Making medical education COVID-19-resilient
The team transformed the clinical exam stations to comply with the then-current COVID-19 safety guidelines
In February, Dr Sabina Sayeed had one more clinical posting left. It offered a last chance to practise her clinical skills before completing her four-year Doctor of Medicine (MD) programme at Duke-NUS. But just as Sayeed started her final posting, Singapore raised its outbreak response alert to orange. At orange, clinical spaces were closed to medical students for everyone’s safety.
“I was disappointed at not being able to engage in hands-on clinical learning. Still, I was thankful that our safety was prioritised,” said Sayeed.
The pandemic did not just disrupt students’ learning. Their final exams, too, were thrown into doubt. While many medical schools around the world graduated their final-year students without exams, that was never an option at Duke-NUS. Both the Ministry of Health and the School wanted final-year students to demonstrate proof of their clinical competence at graduation.
Within a month, the clinical exam stations were amended, safety measures introduced and the flow of students and examiners transformed to meet the necessary restrictions. Stringent hygiene practices and strict socially distanced segregation minimised the risk of infection. Students, patients and examiners were cohorted for the duration of the exams.
“Being cohorted into small groups was certainly different!” said Sayeed. But she was glad that the exams went ahead as the process reassured her that she had the necessary knowledge, skills and capabilities needed to start work as a competent, safe and confident junior doctor.
But it was not just assessments that had to be reconfigured because of the pandemic. Across the years, the MD curriculum was adjusted to ensure that students’ learning would not be compromised and that they would remain on track to graduate on time.
“It has been an outstanding effort from our entire team, who demonstrated great resilience, agility and responded nimbly to the ever-changing COVID-19 situation. I would also like to thank and praise the students for their stoicism, forbearance and ability to adapt to these significant challenges,” said Professor Ian Curran, Vice-Dean for Education at Duke-NUS.
“This collective ‘can do’ spirit has allowed us to stay on track with our training and assessments to ensure that the future pipeline of new doctors for Singapore is secure and to demonstrate that academic and professional standards are being maintained by our graduates.”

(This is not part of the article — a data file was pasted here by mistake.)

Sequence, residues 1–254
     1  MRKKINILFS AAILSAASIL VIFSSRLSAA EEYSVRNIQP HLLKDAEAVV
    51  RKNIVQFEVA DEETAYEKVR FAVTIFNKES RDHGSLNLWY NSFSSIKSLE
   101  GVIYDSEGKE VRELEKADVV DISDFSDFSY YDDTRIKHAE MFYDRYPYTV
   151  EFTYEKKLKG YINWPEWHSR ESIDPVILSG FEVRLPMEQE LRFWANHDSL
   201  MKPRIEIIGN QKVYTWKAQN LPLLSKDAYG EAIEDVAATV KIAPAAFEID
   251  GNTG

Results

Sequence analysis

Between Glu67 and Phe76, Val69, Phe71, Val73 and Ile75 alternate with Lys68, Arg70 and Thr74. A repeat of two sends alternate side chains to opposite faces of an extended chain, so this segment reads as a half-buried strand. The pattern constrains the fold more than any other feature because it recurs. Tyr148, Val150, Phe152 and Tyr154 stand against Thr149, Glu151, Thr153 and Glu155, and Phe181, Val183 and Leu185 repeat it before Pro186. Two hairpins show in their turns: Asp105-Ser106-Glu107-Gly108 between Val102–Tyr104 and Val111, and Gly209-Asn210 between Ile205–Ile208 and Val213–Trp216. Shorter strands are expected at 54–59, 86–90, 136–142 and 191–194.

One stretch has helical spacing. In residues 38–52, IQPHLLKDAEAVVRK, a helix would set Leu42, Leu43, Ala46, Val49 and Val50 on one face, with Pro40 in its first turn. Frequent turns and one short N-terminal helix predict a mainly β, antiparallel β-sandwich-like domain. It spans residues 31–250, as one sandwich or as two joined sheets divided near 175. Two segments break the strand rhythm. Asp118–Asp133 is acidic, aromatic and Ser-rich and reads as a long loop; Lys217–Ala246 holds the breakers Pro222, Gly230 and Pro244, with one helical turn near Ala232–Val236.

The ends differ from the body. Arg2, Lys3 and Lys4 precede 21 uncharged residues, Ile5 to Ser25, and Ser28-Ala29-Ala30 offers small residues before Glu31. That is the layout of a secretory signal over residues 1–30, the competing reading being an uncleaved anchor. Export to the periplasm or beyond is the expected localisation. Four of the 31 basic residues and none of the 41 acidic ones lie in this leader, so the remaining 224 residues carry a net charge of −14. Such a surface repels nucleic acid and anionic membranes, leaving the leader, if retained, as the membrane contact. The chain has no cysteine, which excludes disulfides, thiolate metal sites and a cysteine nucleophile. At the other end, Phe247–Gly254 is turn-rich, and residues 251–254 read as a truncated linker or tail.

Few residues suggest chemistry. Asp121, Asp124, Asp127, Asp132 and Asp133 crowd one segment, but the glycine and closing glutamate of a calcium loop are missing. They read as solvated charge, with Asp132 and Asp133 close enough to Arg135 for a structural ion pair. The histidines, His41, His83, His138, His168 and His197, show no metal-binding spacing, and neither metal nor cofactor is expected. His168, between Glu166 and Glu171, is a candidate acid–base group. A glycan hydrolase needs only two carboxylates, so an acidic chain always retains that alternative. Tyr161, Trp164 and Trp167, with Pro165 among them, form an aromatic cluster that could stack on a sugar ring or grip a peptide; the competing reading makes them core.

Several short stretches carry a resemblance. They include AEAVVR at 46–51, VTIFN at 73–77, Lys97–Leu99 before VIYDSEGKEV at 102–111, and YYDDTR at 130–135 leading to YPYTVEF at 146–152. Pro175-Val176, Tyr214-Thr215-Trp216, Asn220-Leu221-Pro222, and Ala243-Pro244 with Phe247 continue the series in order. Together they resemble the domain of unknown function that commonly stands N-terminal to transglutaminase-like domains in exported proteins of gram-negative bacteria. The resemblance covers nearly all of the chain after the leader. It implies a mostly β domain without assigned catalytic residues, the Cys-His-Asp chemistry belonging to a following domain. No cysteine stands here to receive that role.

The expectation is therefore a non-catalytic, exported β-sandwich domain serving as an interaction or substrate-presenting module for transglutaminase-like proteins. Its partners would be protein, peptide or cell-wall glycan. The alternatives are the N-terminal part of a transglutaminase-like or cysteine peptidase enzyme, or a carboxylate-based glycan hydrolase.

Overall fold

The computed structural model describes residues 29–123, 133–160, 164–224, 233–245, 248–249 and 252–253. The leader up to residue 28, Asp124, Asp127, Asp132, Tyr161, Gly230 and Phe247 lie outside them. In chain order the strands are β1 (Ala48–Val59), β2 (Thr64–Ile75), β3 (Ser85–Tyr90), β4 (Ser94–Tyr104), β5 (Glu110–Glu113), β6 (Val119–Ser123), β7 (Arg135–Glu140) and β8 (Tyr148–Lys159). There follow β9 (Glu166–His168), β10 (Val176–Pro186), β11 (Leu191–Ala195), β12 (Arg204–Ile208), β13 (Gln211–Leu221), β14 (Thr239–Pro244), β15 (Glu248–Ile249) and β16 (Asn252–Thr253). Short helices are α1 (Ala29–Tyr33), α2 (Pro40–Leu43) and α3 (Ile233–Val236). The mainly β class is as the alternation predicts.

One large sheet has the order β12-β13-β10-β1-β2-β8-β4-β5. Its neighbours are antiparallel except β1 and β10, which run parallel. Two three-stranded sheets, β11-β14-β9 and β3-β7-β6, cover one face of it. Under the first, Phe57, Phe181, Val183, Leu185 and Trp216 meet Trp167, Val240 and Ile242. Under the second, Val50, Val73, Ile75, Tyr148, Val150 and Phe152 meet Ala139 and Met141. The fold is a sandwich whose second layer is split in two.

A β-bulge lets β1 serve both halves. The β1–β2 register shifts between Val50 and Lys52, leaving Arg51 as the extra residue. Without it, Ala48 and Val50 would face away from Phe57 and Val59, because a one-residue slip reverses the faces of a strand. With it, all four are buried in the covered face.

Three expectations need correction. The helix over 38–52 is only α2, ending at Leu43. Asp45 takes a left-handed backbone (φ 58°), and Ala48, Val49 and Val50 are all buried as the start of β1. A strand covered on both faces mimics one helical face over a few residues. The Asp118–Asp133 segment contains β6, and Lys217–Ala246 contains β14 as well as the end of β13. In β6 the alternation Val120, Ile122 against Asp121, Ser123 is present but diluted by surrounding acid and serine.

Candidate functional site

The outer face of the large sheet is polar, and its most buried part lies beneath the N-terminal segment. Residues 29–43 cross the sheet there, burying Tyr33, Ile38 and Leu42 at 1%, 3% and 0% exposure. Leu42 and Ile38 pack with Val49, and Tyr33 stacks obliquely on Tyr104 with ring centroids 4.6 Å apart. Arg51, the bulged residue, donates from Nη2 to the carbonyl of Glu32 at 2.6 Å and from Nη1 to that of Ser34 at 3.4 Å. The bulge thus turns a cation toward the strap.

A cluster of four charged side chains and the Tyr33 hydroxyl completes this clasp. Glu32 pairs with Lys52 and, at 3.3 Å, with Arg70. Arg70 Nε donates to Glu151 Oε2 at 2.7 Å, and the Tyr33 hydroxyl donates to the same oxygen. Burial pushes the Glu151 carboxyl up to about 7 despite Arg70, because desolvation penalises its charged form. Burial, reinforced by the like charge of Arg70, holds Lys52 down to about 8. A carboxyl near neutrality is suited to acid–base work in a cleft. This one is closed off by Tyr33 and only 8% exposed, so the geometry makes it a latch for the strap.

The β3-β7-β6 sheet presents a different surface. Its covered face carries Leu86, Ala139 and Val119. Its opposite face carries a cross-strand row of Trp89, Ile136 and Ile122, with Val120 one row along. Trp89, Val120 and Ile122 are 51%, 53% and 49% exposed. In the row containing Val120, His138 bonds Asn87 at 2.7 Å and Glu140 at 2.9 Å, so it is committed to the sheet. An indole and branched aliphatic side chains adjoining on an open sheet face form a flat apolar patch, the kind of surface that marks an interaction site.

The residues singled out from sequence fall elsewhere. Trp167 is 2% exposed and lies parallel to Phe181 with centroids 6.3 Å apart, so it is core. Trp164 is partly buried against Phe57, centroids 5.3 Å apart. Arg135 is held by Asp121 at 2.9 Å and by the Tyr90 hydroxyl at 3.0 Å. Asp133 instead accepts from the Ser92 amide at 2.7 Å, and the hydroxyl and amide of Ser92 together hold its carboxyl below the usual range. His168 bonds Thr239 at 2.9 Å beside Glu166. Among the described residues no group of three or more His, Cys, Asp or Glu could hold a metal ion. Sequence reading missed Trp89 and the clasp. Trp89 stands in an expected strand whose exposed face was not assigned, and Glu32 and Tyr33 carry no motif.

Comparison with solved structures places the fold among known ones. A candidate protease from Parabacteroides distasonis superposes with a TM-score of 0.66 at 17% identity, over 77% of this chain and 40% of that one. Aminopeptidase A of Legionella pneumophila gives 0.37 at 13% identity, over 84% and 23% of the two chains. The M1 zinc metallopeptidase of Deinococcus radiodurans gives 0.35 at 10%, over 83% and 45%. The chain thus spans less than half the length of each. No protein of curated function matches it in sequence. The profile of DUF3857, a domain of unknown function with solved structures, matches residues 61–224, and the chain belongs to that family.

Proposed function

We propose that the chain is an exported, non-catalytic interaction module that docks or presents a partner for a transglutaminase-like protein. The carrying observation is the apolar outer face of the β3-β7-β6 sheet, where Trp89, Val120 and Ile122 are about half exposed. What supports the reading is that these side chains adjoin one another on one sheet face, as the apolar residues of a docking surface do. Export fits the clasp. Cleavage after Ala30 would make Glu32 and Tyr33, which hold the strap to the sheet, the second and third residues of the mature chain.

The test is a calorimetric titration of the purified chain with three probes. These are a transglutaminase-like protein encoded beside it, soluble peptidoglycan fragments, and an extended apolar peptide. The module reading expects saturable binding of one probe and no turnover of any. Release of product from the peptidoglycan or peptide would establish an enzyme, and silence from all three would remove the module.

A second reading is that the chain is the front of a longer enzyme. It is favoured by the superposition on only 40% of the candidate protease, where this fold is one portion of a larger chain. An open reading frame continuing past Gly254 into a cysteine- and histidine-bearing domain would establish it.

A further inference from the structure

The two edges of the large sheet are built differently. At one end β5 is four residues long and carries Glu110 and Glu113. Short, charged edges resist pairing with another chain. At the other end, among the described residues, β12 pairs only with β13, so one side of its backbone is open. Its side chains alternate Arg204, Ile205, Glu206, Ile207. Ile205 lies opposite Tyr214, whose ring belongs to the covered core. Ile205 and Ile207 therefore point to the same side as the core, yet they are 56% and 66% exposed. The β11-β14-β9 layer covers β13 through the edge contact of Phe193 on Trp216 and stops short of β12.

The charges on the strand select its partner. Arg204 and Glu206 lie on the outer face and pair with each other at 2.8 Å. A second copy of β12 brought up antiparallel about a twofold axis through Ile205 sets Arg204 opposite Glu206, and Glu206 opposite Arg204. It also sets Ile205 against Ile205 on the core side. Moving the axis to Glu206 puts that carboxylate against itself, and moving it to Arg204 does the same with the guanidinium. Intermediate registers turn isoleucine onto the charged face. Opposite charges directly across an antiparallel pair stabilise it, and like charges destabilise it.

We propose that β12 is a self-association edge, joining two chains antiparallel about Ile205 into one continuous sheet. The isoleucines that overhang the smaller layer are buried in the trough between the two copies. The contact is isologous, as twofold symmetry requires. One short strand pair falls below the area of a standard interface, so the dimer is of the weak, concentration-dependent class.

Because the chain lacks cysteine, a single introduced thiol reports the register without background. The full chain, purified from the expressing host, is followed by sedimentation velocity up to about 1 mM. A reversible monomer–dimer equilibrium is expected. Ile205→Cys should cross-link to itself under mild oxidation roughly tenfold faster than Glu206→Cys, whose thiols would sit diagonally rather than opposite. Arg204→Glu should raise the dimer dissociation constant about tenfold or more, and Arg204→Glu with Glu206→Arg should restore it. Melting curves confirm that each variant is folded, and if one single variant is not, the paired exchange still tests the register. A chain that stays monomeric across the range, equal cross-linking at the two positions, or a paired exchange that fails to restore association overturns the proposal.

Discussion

Professor Ian Curran, Vice-Dean for Education
Going virtual for recruitment and admissions
While going virtual was not an option for the final-year exams, the School turned to Skype, Zoom and other video conferencing platforms to select the latest cohort. Applicants’ Day, which is key to Duke-NUS’ admissions process, had to change from a full day of in-person assessments to virtual assessments.
The traditional programme gave applicants a flavour of life as Duke-NUS students and interviewers a chance to observe students’ suitability. Shifting it online meant that the School lost some elements of personal interaction, according to Professor London Lucien Ooi, Associate Dean for Admissions, Recruitment & Financial Aid.
“[But] some of these changes brought about positive benefits. With the interviews held via Zoom, the timings were more flexible and we had the advantage of having senior clinicians join the interviews to better assess our candidates,” said Ooi, who would previously travel the globe to meet and interview prospective students.
First year students attend an introductory session to prepare them for TeamLEAD
What started as an interim solution is set to stay as the pandemic shows no signs of abating. Suitable students applying for a place in the 2021 intake will be invited for interviews and to participate in the new virtual Applicants’ Days. So far, this does not seem to have affected passionate individuals from applying to Duke-NUS. As of September, Duke-NUS has received two thirds more applications than last year.
“We are considering how to adopt some of these virtual practices to provide a more holistic assessment of applicants [even beyond the pandemic],” said Ooi.
Lessons go into the cloud while restructuring aims to maximise clinic time
For then-first year student Marco Lizwan Goh, the closure of wards had no immediate impact on his learning. The limits to in-person class activities, however, meant that his classroom lessons had to be reconfigured.
“At first, we tried splitting the students across two venues, but we realised very quickly that this did not work educationally and we rapidly moved the whole process to online learning via Zoom,” said Curran.
As an international student living by himself, the online learning scenario seemed lonelier to Goh at first. He missed eating lunch with his classmates and playing quick games of table football between lessons.